It may be noted that, in various embodiments, the 2D module 1312 (and/or fusion module 1316, e.g., operating in conjunction with the 2D module 1312) may over detect, or identify or retain more candidate objects than would be conventionally identified or retained using an object detection scheme utilizing only 2D information, or only one set of imaging information. For example, over detection may include identifying or retaining a number of objects as 2D candidate objects that is greater than a number of expected objects in the target zone 1350 or within the field of view of the first imaging device 1320. For example, in some embodiments, twice as many candidate objects as expected objects may be identified and/or retained. As another example, five times as many candidate object as expected objects may be identified and/or retained. As one more example, ten times as many candidate objects as expected objects may be identified and/or retained. Additionally or alternatively, a threshold confidence measure for candidate object identification may be employed as part of over detection. For example, in various embodiments, 2D candidate objects may be identified or retained that have a confidence measure less than 50%, less than 20%, or less than 10%, among others. In some embodiments, all initially identified 2D candidate objects, regardless of confidence measure, may be retained as part of over detection. Over detection, or retention of 2D candidate objects having a lower confidence measure than conventionally retained, may be employed in various embodiments without increasing or substantially increasing a number of false positives of object detection or identification, as the 3D information may be used in conjunction with the over detected 2D candidate objects to discard false positives, while helping to insure that no true or actual objects (e.g., cars) are missed and/or reducing the number of missed true or actual objects detected. The ratio or amount of over detection may be varied in different embodiments, for example, depending on available processing capability and/or detection objectives (e.g., a relatively higher amount of over detection if it is relatively more important not to miss any objects, or a relatively lower amount of over detection if it is more acceptable to miss objects and/or if false positives are relatively more problematic).

In the illustrated embodiment, the 3D module 1314 obtains 3D information (either directly or indirectly) from the second imaging device 1330, and identifies a set of 3D candidate objects from the 3D information obtained from the second imaging device 1330. For example, the 3D information may include point cloud information. The 3D module 1314 may determine a ground plane (e.g., as discussed herein) in the 3D information (e.g., in the point cloud), and remove the ground plane to provide modified 3D information. The 3D candidate objects (e.g., blobs) may be identified using the modified 3D information. For example, the 3D module 1314 may cluster (e.g., in an unsupervised manner) proximal points from the modified 3D information into object groups to identify 3D candidate objects. The 3D candidate objects may be identified, for example, based on morphological features of the identified clusters. Further, the 3D module 1314 in the illustrated embodiment assigns a 3D confidence measure to each identified candidate target (e.g., cluster or blob). The confidence measure represents a measure of the likelihood that the candidate target represents an object desired to be detected (e.g., car). The candidate targets, as well as confidence measures, may be identified, for example, using an analytical model that has been trained using known or calibrated imaging data sets having known targets at known locations within the imaging data sets. It may be noted that, when identifying 3D candidate objects, overly large and/or overly small clusters may be removed or filtered from an initial set of identified clusters to provide a final set of 3D candidate objects.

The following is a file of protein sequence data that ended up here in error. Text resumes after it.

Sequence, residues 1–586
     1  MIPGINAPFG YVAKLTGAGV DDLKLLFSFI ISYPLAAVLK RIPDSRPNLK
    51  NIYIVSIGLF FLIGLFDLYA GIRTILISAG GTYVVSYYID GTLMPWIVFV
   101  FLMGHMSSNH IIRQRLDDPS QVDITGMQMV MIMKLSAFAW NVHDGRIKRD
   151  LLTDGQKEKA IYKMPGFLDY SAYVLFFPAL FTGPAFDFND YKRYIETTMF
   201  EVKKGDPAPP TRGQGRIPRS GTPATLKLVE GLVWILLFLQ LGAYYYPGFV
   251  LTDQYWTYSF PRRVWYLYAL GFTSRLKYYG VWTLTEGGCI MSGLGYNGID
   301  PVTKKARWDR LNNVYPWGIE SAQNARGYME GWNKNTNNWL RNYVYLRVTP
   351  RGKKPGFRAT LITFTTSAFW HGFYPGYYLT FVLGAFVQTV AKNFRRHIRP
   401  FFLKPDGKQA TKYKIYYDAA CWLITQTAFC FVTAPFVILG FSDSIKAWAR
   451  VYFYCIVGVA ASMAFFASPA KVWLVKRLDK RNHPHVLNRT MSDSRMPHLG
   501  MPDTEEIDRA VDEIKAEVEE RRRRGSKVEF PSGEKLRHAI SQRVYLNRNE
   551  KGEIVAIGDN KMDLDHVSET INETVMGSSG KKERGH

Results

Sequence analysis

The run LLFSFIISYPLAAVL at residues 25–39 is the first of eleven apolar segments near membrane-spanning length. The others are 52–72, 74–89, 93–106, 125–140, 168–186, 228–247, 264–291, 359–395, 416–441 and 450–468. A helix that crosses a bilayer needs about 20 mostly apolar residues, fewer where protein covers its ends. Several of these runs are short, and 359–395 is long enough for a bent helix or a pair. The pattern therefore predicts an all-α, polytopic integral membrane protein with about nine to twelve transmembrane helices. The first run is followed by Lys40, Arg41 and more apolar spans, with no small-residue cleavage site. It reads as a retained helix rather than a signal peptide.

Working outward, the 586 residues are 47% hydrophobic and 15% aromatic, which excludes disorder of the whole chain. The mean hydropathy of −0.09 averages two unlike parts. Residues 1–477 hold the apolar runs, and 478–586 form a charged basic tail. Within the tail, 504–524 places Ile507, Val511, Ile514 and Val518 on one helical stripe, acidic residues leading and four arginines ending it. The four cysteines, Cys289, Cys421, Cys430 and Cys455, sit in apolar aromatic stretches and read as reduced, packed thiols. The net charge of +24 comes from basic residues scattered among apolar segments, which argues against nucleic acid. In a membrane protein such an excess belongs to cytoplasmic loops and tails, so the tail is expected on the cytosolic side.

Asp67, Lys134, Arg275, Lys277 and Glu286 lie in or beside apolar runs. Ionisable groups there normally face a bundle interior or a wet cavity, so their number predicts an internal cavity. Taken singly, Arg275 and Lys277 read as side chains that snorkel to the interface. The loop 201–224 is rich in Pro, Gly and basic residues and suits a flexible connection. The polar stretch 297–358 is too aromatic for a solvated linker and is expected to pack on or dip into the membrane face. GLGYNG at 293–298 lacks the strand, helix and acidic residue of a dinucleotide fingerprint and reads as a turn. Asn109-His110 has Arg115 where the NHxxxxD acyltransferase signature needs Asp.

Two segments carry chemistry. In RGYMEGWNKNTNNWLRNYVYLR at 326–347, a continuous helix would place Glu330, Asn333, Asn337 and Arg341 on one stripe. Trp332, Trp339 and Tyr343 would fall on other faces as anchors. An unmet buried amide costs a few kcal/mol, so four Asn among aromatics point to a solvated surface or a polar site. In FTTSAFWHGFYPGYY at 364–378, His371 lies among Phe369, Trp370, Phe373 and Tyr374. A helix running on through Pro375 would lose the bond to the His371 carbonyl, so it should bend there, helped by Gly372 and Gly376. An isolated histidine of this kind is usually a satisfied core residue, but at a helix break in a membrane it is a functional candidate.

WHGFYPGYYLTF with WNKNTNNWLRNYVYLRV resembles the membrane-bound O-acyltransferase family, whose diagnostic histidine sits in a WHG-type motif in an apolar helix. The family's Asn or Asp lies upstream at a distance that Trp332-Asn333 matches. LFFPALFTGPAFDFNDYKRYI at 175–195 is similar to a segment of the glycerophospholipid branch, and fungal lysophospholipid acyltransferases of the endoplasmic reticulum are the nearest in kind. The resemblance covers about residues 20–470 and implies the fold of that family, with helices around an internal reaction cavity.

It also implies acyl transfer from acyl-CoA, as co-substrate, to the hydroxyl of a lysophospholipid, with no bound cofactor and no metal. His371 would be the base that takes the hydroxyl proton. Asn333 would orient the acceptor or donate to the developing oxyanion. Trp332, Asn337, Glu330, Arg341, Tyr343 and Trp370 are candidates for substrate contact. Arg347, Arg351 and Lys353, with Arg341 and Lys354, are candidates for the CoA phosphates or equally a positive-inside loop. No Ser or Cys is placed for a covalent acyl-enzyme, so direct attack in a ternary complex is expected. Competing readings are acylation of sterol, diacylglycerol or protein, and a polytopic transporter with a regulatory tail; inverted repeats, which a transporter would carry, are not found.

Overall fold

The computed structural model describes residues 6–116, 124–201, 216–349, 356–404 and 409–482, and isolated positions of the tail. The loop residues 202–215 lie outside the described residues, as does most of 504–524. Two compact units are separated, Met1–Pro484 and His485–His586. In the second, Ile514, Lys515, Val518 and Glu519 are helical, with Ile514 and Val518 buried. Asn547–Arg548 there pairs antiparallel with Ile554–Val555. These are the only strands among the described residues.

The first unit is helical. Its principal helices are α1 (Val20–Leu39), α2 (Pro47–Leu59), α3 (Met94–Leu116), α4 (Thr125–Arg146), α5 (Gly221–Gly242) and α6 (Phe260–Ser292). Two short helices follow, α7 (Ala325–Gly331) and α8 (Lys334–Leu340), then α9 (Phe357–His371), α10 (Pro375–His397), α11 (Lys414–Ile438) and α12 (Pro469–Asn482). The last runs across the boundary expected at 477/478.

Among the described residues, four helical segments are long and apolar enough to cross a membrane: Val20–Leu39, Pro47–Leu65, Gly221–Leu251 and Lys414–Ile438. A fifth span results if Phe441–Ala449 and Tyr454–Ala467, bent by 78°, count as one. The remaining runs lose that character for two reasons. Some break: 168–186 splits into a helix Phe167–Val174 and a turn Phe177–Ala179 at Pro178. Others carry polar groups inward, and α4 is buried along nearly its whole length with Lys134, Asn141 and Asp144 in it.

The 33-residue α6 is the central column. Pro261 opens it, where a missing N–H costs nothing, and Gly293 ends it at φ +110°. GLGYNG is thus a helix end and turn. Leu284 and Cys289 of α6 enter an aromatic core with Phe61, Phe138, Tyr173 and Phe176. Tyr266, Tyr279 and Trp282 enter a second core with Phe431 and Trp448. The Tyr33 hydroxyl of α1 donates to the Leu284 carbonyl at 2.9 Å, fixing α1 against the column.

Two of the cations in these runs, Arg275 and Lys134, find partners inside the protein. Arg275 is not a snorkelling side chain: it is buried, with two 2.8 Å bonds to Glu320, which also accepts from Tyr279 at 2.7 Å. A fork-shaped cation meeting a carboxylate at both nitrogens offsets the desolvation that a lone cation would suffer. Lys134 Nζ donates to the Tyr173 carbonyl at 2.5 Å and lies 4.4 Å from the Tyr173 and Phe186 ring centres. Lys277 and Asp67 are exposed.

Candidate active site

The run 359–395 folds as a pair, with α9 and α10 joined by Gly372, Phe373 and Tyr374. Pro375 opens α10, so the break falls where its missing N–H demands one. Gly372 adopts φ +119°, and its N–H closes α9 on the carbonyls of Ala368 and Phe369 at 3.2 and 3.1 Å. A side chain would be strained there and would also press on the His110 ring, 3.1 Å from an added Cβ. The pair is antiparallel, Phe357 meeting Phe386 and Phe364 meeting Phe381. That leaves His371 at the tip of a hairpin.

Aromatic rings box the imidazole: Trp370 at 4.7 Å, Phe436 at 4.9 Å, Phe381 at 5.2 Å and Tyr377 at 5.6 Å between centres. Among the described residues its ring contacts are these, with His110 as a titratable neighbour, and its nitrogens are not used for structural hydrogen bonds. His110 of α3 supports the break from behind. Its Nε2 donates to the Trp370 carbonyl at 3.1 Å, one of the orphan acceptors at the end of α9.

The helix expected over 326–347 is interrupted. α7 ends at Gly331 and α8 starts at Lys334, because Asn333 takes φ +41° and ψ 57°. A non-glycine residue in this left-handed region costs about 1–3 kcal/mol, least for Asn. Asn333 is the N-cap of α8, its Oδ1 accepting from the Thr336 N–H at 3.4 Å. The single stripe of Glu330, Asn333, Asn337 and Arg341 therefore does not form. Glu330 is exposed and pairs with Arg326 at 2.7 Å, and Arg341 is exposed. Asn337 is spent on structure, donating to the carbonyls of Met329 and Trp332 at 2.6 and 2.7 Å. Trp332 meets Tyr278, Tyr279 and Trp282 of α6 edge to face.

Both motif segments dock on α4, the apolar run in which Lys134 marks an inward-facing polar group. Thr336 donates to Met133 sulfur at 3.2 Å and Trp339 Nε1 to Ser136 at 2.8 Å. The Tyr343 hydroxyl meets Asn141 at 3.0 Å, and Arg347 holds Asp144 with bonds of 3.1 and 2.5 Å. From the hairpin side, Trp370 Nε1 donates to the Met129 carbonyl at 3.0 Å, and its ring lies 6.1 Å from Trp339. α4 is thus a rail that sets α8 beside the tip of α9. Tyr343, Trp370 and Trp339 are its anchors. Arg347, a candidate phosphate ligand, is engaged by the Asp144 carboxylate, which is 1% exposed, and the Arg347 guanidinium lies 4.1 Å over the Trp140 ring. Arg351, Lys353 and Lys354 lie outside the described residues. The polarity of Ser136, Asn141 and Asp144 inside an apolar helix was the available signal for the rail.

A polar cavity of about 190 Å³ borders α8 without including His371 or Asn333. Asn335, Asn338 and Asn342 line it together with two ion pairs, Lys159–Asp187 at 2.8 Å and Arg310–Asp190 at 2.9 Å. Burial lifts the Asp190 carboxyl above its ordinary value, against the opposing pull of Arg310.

The depicted fusion module 1316 identifies, for each of least some of the 2D candidate objects obtained from the 2D module 1312, a corresponding 3D candidate from the set of 3D candidates provided by the 3D module 1314, and modifies the 2D confidence scores with the 3D confidence scores to provide a corresponding fused confidence score for each 2D candidate object. The fused confidence scores may be used to determine or identify which candidate objects are detected or identified as objects to be detected (e.g., cars). The fused confidence measure filters out false objects or false positives from the 2D candidate objects to help identify a set of target objects with a high degree of confidence. Generally, the over detection of 2D candidate objects may help insure that no true objects are missed, while the 3D information may be used to filter out false positives from the over detected 2D candidate objects. The fusion module 1316 may be understood, in some embodiments, as using the 3D information to confirm or reject over detected 2D candidate objects.